Patient and public involvement
Following initial review of the literature, researcher KT visited a Cambridgeshire-based stroke group to discuss community-based patients understanding and experience of PSF. Initial research priorities were pitched to 18 individuals to decipher if the study research questions were thought to be important to the stroke survivor population. Individuals described the fatigue as overpowering and highlighted that when it hits, it is impossible to ignore. When asked about what hurdles they have faced following the stroke event, one individual stated that they felt fatigue was the root of their other concerns. It was clear that improving understanding and management for PSF should be a priority, and the current study will help address patients concerns.
The Stroke Association gave researcher ADS access to the forum archives and permission for the data to be used for research purposes. It is important to note that use of internet data raises ethical questions including considerations of intrusiveness and perceptions of a forum as public or private. De Simoni and colleagues note that this specific analysis is classified as low intrusiveness, and due to the high number of users, participants were likely to view their posts as public. TalkStroke data were stored and accessed through the University of Cambridge Clinical School Secure Data Hosting Service. People signing up to TalkStroke agreed that their data were public on registering for the forum. To protect the identity and intellectual property of forum participants, we report fragments of responses and paraphrase longer discussion points.
Two researchers KT and CG searched the forum archives for the following search terms: ‘tiredness’, ‘tired’, ‘fatigue’, ‘weary’ and ‘weariness’. Repeated and irrelevant posts were removed, as agreed by KT and CG through use of two rounds of coding and discussion. Posts with only a cursory mention of tiredness/fatigue or fatigue in relation to depression, pain or sleep disorders were excluded, as they strayed from the focus on fatigue as a direct consequence of stroke. Posts written by individuals under the age of 18 years or by a parent figure describing their child were also removed since the focus of this study was adult stroke. This gave a preliminary data set of 104 posts written by 71 forum users. These posts were again screened by KT and CG to assess their relevance to the research questions and discussed until unanimous agreement was reached regarding the final data set, which comprised 89 posts written by 65 individuals.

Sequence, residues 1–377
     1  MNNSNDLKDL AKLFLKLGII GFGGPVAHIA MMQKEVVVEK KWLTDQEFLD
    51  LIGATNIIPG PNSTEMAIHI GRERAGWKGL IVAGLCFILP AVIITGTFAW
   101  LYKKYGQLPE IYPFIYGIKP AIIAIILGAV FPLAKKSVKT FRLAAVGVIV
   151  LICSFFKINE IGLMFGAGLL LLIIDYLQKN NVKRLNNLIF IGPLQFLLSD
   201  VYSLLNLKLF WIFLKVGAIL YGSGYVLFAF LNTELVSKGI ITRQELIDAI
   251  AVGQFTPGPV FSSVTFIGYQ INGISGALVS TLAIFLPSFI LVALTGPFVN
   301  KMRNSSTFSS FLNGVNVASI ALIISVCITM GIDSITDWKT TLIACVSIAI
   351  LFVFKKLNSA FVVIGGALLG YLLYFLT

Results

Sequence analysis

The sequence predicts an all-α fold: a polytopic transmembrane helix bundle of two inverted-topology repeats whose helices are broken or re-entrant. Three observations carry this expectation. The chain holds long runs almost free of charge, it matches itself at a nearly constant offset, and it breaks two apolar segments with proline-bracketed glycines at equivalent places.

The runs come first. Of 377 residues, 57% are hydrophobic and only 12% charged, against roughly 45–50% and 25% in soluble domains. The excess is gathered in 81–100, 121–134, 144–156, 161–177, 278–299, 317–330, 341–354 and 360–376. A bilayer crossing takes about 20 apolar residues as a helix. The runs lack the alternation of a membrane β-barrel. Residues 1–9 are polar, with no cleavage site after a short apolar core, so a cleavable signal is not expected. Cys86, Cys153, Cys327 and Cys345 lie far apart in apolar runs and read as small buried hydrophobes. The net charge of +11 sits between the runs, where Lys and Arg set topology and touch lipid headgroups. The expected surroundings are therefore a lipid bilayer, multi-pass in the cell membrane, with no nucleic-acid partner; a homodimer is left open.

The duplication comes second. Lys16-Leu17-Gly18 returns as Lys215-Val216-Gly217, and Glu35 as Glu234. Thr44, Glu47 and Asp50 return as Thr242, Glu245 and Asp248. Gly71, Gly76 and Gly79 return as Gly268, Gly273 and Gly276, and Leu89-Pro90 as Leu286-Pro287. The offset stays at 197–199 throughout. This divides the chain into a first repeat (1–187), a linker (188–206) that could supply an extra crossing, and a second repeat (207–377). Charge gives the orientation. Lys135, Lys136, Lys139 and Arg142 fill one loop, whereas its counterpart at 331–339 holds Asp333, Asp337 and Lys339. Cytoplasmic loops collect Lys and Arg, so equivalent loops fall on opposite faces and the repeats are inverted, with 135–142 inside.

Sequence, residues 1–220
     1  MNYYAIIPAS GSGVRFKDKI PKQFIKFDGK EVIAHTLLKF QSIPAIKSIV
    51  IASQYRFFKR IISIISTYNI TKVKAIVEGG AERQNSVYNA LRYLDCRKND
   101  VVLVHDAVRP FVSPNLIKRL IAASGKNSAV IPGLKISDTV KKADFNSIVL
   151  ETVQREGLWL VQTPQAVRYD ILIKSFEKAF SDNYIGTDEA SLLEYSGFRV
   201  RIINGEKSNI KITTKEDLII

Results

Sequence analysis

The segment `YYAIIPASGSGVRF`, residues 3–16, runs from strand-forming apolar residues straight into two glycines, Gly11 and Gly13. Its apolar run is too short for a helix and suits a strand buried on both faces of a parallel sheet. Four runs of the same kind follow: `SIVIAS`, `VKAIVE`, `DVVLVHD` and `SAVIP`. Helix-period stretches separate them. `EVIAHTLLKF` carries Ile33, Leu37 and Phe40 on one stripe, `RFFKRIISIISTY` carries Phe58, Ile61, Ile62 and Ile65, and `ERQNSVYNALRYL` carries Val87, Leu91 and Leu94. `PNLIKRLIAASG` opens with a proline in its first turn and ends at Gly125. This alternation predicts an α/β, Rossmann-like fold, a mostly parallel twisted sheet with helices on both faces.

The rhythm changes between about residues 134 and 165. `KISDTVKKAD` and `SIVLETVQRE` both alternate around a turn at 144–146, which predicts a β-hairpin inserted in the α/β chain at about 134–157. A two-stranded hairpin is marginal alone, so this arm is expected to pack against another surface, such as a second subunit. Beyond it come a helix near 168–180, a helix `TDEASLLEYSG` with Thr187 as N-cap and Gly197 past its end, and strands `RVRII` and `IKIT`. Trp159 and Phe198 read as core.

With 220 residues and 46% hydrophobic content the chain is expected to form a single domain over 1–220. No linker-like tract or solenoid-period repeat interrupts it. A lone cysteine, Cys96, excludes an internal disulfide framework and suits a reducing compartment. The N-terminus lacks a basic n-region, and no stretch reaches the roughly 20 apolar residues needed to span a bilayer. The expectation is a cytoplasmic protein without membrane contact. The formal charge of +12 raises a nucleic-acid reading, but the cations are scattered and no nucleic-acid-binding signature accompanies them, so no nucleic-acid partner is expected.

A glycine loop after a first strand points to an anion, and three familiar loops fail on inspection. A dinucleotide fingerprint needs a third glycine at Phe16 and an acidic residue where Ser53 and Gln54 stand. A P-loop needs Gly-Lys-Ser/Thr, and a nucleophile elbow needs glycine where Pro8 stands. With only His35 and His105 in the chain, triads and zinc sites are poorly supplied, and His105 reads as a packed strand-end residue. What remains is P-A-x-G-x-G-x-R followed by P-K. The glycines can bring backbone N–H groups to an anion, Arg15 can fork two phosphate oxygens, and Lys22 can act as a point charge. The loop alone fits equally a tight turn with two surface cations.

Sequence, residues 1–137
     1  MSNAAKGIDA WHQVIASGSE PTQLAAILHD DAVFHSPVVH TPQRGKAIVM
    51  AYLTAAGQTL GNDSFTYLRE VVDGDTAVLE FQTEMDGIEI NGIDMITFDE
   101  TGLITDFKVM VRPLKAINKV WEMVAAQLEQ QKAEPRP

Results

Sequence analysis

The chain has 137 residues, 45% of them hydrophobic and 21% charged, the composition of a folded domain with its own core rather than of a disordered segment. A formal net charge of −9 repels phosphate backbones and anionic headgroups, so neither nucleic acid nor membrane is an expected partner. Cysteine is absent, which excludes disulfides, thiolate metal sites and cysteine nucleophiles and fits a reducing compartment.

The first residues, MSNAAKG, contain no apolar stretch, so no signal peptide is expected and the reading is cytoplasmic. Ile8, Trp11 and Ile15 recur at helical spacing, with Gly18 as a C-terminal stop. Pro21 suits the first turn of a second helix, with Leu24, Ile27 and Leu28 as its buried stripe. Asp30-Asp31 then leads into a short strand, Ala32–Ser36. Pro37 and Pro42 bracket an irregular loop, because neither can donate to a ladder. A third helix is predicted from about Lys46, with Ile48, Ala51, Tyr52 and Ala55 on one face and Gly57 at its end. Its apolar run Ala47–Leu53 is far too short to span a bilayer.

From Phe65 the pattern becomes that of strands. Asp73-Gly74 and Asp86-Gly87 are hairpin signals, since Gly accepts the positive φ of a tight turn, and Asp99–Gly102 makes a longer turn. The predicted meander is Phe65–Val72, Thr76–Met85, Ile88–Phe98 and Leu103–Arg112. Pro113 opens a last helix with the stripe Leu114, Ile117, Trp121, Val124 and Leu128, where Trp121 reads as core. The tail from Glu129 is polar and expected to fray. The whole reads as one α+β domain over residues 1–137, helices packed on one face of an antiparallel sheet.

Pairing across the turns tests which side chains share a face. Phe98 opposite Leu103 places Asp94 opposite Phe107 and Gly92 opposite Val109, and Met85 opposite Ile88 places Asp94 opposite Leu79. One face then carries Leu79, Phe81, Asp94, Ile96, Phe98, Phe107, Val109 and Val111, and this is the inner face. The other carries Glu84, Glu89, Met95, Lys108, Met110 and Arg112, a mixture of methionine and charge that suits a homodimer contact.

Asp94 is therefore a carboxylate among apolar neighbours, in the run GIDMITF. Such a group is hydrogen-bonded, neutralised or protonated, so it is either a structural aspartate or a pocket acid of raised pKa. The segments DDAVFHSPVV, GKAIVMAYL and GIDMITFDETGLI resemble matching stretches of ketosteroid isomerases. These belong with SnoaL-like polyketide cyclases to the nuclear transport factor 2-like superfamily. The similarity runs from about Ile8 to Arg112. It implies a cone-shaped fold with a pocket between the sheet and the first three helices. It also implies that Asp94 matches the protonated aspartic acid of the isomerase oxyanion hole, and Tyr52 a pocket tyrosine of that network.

After reading all posts in the final data set to ensure familiarisation with the content, two researchers (KT and CG) carried out inductive thematic analysis to generate and refine emerging issues, using methods described by Braun and Clarke.18 Posts were coded in order to answer the two research questions by identifying the defining characteristics of PSF and revealing coping strategies. The majority (65%) of posts were coded by the first author (KT). Coding was performed independently for 30% of posts by the second author (CG). To ensure that a consistent, systematic coding style was used, both researchers coded five per cent of posts. Coding was discussed until agreement was reached for all posts to identify all pertinent key themes. These codes were aggregated into broader themes. During this process, both researchers revisited all extracts to ensure the suggested themes incorporated all data entries, and thus the six final themes truly represented the complete data set. The process for data selection and analysis is summarised in figure 1.